[olug] Log Retention

Christopher Cashell topher-olug at zyp.org
Mon Dec 12 01:23:21 UTC 2011

On Sun, Dec 11, 2011 at 7:11 PM, T. J. Brumfield <enderandrew at gmail.com> wrote:
> I need to make sure I've got something in place to keep log files in check.
> I don't want to turn off logging, but I need to rotate logs at file size X
> and then delete logs when I get over Y number of logs so I keep my overall
> log storage at a fairly constant number.

logrotate is probably the tool you'll want to be using.  It's the
standard log rotation tool on most Linux systems.  It can be
configured to compress logs, to rotate on multiple schedules (daily,
weekly, etc), or based on log size.  Default compression is gzip,
although you can use an alternate compression commend if you really
need to (bzip2 tends to do very well with text).

If you have logs that will or could grow at a fast rate, you'll want
to rotate them more frequently.  Logs, being text, tend to compress
very well (usually down to 10% or smaller as compared to the original
size).  That means that your live uncompressed log file will be the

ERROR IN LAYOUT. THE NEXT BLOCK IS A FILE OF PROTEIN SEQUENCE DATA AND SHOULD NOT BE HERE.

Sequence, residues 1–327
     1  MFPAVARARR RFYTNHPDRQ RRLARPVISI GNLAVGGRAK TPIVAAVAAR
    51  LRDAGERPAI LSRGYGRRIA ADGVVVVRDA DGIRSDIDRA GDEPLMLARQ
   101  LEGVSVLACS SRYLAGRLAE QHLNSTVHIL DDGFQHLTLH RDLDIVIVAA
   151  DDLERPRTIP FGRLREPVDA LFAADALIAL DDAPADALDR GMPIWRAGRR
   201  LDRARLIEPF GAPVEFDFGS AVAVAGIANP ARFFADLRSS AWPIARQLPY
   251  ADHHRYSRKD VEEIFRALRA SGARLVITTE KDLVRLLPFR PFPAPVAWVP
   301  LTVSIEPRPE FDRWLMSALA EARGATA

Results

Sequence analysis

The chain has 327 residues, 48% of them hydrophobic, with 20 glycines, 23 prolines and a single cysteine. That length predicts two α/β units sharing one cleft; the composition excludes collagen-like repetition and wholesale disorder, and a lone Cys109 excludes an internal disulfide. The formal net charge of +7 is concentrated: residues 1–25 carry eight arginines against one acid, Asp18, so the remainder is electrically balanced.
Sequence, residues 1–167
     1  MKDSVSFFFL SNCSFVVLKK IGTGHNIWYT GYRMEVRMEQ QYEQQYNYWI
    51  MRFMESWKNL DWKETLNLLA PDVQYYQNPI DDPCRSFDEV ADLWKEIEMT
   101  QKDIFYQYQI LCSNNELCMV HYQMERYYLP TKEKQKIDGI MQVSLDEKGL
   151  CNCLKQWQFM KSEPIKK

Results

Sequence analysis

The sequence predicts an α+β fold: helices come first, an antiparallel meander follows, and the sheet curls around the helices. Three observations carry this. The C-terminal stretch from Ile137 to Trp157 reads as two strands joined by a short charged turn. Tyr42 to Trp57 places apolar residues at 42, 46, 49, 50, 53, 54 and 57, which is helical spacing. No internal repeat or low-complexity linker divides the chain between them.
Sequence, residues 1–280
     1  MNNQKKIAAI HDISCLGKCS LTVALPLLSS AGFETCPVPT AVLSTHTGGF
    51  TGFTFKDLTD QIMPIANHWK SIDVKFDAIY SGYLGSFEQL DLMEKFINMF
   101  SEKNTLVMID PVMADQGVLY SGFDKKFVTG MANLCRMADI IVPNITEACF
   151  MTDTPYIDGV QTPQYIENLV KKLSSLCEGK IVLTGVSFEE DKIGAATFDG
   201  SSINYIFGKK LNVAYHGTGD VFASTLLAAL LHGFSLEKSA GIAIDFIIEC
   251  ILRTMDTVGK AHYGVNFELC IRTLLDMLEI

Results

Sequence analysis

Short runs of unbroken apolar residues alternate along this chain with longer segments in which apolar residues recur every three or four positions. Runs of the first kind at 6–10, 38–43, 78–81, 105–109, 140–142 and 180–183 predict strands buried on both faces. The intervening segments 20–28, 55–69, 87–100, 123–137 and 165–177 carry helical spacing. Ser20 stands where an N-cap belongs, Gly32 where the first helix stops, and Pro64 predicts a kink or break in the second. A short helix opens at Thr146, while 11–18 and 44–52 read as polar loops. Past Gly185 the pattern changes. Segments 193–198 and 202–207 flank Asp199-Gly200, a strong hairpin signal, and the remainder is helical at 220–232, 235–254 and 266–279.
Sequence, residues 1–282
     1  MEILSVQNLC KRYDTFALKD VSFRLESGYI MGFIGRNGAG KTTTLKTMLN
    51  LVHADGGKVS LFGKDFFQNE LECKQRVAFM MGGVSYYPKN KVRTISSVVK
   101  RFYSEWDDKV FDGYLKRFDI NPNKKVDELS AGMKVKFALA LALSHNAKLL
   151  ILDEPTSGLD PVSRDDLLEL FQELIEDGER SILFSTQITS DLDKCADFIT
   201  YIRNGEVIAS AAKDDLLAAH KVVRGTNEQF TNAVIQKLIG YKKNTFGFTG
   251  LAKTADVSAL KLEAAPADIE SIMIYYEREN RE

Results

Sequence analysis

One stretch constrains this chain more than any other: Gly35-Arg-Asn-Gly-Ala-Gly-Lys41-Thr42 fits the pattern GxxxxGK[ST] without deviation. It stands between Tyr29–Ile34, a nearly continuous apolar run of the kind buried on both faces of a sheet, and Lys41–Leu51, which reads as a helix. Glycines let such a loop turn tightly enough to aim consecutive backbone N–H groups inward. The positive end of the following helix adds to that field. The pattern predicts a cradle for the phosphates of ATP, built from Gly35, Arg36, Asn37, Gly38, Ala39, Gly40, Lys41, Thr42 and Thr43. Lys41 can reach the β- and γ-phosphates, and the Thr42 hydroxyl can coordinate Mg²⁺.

key that determines how much you can retain and how fast you need to

> I need to do this for MySQL, Apache, PHP, Murmur and local system logs
> because I can't afford to let any logs run me out of disk space.

logrotate can handle logs for any of those, and is probably already
configured for many of them.  You might just need to turn on
compression and tweak some settings to match your requirements.

Another option you might want to consider is remote logging.  Send
your systems logs to a remote box with more disk space for long term
archiving, and only keep a few days worth of logs on the local system.
 This can be done as a batch process (cron'ed scp of the compressed
logs every night), or it can be done live, by configuring all your
log-worthy things to log to syslog, and then configure syslog to send
the logs to a remote destination.

The latter is actually what I do with my VPS.  It keeps 1 week of logs
local, and also sends all logs back to a separate loghost (home
server) for longer storage.  I have a VPN connection running between
the two for secure transmission (I use OpenVPN, initiated from the
home server, to ease firewall/dynamic IP issues on the home box side).

> -- T. J. Brumfield


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